Governors' chairman defends controversial pound;18,600 Taiwan trip;FE Focus

16th July 1999 at 01:00
GOVERNMENT double standards on public services are hampering colleges from taking legitimate risks and being entrepreneurial, the chairman of a college under investigation for high spending on overseas travel has claimed.

Laurence Hardwicke, chairman of Kingston College governors, has complained to the Further Education Funding Council about its handling of adverse publicity about the college's principal, Arthur Cotterell. The principal took his wife on a six-week student recruitment mission to Taiwan last year.

Mr Hardwicke told Lord Davies of Oldham, the FEFC chairman, that: "Mr Cotterell is every inch the entrepreneur and flexible public servant the Prime Minister has just called for. He deserves better treatment from the FEFC, as indeed does his very supportive governing body."

Mr Hardwicke was referring to press allegations of high living on the trip by the principal and his wife, Yong Yap, who is Chinese and acted as his interpreter in Taiwan. The mission had cost pound;18,600, said Mr Hardwicke, and was more than value for money.

"The whole story arose because of the ill-judged conduct of a staff governor in courting adverse publicity about the college," he said.

At a full board meeting last week, the staff governor, Rod Bromfield, defended his criticism of the cost of the visit.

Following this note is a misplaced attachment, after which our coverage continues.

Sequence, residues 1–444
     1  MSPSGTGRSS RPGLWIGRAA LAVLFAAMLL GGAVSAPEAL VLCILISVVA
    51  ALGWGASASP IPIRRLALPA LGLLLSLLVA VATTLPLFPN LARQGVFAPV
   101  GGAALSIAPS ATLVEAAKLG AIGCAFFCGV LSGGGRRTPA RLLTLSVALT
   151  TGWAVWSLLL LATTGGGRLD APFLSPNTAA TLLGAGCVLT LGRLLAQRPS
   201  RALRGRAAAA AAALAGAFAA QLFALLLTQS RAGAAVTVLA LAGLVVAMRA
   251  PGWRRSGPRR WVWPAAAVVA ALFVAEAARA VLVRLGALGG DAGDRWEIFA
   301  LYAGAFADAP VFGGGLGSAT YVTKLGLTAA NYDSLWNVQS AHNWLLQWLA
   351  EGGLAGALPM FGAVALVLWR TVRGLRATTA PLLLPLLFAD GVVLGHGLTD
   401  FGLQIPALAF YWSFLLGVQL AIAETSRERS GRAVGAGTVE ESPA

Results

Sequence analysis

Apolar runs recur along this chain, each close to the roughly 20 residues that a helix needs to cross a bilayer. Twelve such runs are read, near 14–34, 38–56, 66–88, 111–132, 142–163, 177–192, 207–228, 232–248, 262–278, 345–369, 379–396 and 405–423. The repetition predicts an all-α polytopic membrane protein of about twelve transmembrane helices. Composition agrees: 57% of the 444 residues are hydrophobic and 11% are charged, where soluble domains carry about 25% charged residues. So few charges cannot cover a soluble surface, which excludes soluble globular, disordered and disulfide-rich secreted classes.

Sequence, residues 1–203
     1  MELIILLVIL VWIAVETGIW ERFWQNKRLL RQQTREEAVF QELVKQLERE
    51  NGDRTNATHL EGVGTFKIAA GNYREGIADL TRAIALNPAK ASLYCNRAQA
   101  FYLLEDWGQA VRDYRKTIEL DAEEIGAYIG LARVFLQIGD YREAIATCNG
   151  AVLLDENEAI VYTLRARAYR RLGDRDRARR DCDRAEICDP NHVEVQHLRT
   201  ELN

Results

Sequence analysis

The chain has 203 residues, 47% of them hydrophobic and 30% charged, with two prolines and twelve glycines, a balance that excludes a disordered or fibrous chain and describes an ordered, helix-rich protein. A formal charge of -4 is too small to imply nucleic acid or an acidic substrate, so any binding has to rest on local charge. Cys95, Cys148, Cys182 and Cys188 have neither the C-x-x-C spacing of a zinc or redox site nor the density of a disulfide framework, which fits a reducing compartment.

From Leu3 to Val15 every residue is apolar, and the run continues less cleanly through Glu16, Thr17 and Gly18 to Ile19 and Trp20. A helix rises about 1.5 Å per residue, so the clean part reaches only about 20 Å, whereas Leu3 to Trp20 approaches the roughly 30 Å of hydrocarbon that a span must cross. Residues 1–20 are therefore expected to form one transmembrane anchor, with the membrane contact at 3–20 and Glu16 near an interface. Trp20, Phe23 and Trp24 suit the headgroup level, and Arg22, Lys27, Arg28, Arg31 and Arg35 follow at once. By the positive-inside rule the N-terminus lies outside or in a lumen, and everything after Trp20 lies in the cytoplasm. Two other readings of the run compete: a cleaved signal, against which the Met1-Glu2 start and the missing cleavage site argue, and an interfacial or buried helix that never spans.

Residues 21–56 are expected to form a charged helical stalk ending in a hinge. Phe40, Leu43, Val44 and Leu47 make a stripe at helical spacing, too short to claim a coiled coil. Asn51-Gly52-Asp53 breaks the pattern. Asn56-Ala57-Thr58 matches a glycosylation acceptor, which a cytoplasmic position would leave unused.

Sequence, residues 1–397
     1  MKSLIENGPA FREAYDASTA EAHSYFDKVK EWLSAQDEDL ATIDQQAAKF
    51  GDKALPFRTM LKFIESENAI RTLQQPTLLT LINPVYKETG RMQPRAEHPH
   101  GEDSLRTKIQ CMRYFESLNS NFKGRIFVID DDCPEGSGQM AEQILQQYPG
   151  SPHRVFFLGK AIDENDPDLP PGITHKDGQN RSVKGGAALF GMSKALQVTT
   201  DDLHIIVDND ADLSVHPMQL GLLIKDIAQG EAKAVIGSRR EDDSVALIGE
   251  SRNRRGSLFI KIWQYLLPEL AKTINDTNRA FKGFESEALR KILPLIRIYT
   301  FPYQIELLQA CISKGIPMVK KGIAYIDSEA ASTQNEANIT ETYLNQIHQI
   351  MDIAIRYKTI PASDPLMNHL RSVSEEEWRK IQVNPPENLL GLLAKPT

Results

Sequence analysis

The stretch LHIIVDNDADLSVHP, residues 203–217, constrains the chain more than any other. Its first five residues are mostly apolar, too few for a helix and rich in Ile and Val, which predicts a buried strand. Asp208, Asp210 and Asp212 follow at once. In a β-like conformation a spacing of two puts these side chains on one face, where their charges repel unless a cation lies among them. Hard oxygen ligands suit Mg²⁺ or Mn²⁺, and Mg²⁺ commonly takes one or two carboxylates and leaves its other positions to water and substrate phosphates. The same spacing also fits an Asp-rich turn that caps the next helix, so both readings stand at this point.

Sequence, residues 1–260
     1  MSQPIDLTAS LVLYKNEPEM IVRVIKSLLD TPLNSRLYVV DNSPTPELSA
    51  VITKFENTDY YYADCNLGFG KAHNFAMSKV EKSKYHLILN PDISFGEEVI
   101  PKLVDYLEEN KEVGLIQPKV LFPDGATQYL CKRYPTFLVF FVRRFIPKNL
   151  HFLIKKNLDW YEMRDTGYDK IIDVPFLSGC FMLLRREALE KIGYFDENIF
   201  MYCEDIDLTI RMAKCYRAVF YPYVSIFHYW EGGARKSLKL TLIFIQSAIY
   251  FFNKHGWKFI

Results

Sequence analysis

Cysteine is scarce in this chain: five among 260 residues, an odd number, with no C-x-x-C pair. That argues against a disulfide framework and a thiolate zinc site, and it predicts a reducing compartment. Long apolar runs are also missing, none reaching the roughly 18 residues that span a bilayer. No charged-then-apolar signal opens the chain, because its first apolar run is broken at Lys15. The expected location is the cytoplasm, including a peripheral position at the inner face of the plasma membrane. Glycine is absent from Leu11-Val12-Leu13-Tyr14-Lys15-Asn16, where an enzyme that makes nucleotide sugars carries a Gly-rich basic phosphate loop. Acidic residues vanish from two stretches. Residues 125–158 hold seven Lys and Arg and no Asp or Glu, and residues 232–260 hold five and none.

He said: "I did not seek out the press, but the story could have come from any one of 100 members of staff who are demoralised and feel staff conditions and the quality of provision have deteriorated." He said the visit was made just as two departments were being merged and several lecturers, including himself, were losing their jobs.

But Mr Cotterell received solid backing from two industrial governors. Edward Bentall, chairman of a large local department store, said the college's standards of governance were as high as any in the public or private sectors. He had personally been encouraged by Lord Dearing to market the FE sector in the Far East, said Mr Bentall.

"You cannot do this by attending exhibitions, which we once tried, or by adverts, but by personal contact, as we do in our own businesses. We were very fortunate in having somebody available who is fluent in Mandarin and Cantonese," he said.

Richard Carter, a director of Ladbrokes Racing, said that the Taiwan visit was part of a long-term strategy, and was directly in line with the Government's initiative to recruit more overseas students to boost the economy.

He said: "To be an entrepreneur you have to take risks, but it was a calculated risk that was budgeted for - and the gamble has already paid off." He said the principal's wife should be thanked for her services.

But Mr Cotterell said after the meeting that he would think twice before undertaking an overseas mission with his wife again. "The Whistleblower's Charter is turning into a Malcontents' Manifesto. Anybody with a grudge or frustration in a college can bring the whole governing body into the dock and deter any future long-term investment of this kind," he said.

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